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Convicted Sex Offender Busted on MySpace

ByABC News via logo
October 18, 2006, 7:32 AM

Oct. 18, 2006 — -- A technology reporter for Wired Magazine uncovered hundreds of convicted sex offenders on MySpace with a computer program that he developed, leading to one man's arrest.

There are more than 100 million users on MySpace, an online social networking service largely used by young people who post profiles and pictures of themselves, but it's also used by another group: sexual predators.

How many sexual predators use the site is a question that MySpace -- and sites like it -- have long contended is too difficult to answer.

But for Wired senior editor Kevin Poulsen that answer came quickly.

"There were some with records of crimes against children with a large number of children on their lists," Poulsen told ABC News.

Using names and addresses of convicted sex offenders on state registries, the editor designed his own computer program to cross-reference that information with profiles listed on MySpace.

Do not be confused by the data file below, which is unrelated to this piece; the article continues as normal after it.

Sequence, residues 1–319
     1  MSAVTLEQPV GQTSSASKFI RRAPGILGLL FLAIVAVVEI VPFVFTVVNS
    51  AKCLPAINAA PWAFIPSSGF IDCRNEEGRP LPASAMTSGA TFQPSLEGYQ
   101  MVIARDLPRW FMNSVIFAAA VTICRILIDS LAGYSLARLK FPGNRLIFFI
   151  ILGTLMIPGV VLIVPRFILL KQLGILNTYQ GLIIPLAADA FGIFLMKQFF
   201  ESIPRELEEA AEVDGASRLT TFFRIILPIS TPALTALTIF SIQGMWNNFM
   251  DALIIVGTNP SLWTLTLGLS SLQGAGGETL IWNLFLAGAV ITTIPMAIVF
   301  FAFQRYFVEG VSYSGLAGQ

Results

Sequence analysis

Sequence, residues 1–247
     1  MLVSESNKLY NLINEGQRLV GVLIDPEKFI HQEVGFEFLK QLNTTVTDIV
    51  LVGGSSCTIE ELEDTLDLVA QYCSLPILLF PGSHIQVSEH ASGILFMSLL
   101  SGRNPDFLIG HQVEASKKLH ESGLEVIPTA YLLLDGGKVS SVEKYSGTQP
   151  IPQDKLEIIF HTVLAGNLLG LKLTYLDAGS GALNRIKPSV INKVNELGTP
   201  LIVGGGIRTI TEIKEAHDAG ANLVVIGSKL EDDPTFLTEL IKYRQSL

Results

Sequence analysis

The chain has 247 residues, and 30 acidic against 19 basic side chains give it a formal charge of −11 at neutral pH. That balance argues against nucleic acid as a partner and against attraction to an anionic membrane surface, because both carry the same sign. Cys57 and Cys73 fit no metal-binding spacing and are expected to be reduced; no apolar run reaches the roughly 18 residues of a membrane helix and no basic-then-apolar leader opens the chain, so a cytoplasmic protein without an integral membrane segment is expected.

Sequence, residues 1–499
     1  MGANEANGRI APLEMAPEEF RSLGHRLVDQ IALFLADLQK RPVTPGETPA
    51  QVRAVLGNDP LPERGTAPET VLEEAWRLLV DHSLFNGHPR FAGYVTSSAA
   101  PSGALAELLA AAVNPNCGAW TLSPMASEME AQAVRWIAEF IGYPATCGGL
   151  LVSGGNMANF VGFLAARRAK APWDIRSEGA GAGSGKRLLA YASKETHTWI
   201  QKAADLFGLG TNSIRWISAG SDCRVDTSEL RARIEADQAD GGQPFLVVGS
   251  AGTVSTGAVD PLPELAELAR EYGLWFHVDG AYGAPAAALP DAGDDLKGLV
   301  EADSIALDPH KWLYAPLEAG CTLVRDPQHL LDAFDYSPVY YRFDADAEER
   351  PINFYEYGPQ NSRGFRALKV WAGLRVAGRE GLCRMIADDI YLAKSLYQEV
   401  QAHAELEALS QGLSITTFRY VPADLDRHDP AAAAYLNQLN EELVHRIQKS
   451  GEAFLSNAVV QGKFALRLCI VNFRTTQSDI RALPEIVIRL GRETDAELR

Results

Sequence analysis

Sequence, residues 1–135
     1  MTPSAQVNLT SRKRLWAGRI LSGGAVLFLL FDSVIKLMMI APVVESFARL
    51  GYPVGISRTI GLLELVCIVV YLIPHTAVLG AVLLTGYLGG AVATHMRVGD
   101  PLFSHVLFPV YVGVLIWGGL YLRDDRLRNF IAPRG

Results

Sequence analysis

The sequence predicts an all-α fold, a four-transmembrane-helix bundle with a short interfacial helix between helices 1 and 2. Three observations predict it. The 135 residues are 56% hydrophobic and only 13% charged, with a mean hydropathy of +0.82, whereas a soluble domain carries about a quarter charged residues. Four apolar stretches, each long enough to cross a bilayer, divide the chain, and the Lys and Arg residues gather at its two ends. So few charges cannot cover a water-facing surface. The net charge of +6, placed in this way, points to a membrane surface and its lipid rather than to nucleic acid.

Inputting close to 386,000 sex offenders from 46 states, Poulsen found thousands of possible matches.

Poulsen began looking at the site, combing through 7,000 profiles. Among them, he said, were 744 sex offenders with profiles on the site.

One particular sex offender stood out.

"In his MySpace profile, he had links to half a dozen kids -- all young boys -- and he was posting messages to their public comment boards of a sexual nature," Poulsen said.

The police stepped in, and posing as a teenager, investigators started sending him messages.

He took the bait.

"This guy was a registered level three sex offender with a profile on MySpace, actively looking for young boys to molest," said Sgt. John Cowie of the Suffolk County Police Department in New York.

The husband and father of five is now behind bars.

For its part, MySpace said it had been pushing for federal legislation that would require convicted sex offenders to register their e-mail addresses, even testifying before Congress about the difficulties in policing these types of sites.